Dictionary of Computing 1996 (†517)Dictionary of Computing – 4th ed. (Oxford University Press, 1996).
- acceptable risk (s.v. "tolerable risk"): A level of risk deemed acceptable by society in order that some particular benefit or functionality can be obtained, but in the knowledge that the risk has been evaluated and is being managed. (†1341)
- class (s.v. "object"): Objects are derived from a template, and the collection of objects that are instances of a particular template are said to form a class. (†2530)
- object (s.v. "object"): In object-oriented design, objects are the basic components from which the model of the system to be implemented is constructed. In object-oriented programming, the term has a more precise definition. A object is an instance of a component comprising data structures and procedures (called methods) for manipulating the structures. These methods are activated by messages sense to the object, and the interior structure of the object is entirely hidden from any other object (a property called encapsulation). Objects are derived from a template, and the collection of objects that are instances of a particular template are said to form a class. (†2529)
- security (s.v. "security"): Prevention of or protection against (a) access to information by unauthorized recipients or (b) intentional but unauthorized destruction or alteration of that information. Security may guard against both unintentional as well as deliberate attempts to access sensitive information, in various combinations according to circumstance. The concepts of security, integrity, and privacy are interlinked. (†1340)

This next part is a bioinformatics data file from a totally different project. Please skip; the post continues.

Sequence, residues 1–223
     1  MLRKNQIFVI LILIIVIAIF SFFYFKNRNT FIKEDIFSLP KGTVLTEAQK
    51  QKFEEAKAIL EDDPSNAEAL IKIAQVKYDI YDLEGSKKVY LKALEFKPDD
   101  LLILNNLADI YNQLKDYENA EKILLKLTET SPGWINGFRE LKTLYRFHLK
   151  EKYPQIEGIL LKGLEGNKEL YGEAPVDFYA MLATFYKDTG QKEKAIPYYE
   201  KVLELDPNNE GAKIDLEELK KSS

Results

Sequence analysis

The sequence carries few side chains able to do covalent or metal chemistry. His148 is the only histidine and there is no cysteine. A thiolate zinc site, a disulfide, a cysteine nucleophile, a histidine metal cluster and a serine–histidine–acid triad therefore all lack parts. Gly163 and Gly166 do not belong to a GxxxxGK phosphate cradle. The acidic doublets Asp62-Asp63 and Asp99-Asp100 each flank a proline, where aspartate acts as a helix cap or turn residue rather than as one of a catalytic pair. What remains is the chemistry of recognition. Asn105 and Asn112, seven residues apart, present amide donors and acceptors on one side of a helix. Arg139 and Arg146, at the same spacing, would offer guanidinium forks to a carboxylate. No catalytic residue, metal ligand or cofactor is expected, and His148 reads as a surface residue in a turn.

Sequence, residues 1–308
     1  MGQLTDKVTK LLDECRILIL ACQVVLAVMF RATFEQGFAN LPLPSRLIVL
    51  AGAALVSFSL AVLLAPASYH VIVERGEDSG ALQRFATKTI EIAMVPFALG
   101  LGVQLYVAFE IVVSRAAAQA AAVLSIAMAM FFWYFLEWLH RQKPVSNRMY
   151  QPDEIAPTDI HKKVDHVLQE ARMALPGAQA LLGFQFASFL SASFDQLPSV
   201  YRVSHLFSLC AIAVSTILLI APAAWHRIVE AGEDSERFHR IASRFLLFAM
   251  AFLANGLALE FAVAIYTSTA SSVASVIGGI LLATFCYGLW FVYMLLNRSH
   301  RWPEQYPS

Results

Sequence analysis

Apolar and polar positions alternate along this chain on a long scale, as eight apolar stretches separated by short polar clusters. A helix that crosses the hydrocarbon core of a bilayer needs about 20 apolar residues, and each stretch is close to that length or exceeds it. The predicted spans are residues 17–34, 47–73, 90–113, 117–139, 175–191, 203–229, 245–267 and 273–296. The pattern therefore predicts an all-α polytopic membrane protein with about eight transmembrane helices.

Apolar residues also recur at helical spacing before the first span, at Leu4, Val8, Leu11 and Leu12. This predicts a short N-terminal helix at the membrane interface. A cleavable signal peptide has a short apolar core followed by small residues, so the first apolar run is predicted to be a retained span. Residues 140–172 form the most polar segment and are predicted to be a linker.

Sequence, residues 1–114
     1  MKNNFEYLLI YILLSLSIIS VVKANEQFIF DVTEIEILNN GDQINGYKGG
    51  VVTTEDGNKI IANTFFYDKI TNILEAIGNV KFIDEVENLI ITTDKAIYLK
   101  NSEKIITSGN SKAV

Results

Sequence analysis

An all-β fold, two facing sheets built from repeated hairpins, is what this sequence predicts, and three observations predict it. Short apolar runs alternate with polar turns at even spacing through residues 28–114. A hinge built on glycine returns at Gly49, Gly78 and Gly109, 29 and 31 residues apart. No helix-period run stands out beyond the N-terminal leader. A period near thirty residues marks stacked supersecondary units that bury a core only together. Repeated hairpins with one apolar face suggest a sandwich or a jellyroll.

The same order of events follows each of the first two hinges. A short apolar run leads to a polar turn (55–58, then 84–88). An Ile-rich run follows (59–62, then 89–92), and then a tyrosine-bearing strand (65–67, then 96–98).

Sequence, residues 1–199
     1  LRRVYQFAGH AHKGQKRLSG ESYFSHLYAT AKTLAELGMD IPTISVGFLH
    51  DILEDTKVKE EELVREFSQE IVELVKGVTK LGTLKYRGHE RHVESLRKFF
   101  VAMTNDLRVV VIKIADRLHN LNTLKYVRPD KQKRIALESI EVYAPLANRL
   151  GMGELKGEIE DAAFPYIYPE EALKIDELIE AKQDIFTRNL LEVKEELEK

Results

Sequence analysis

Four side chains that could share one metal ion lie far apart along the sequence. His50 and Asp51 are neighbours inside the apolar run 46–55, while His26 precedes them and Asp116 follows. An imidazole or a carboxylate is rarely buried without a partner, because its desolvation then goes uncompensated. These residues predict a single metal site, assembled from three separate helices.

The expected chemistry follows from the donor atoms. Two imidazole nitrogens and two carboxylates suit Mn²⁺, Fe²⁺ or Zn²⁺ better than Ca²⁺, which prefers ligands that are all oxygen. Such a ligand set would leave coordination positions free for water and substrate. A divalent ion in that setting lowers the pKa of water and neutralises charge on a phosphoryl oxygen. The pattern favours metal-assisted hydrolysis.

- threat (s.v. "threat"): Any action intended to breach the security of information stored in a system by (a) gaining unauthorized access to that information usually without alerting the authorized user, (b) denial of service to the authorized user, (c) spoofing, which aims to confuse by introducing false information, usually as to the identity of the user. Some threats are with premeditated malicious intent but others are opportunistic, e.g., browsing, or occur during a crash. See also vulnerability. (†1342)
- vulnerability (s.v. "vulnerability"): Any mechanism that could lead to a breach of the security of a system in the presence of a threat. Vulnerabilities may arise unintentionally due to inadequacy of design or incomplete debugging. Alternatively the vulnerability may arise through malicious intent, e.g. the insertion of a Trojan horse. (†1343)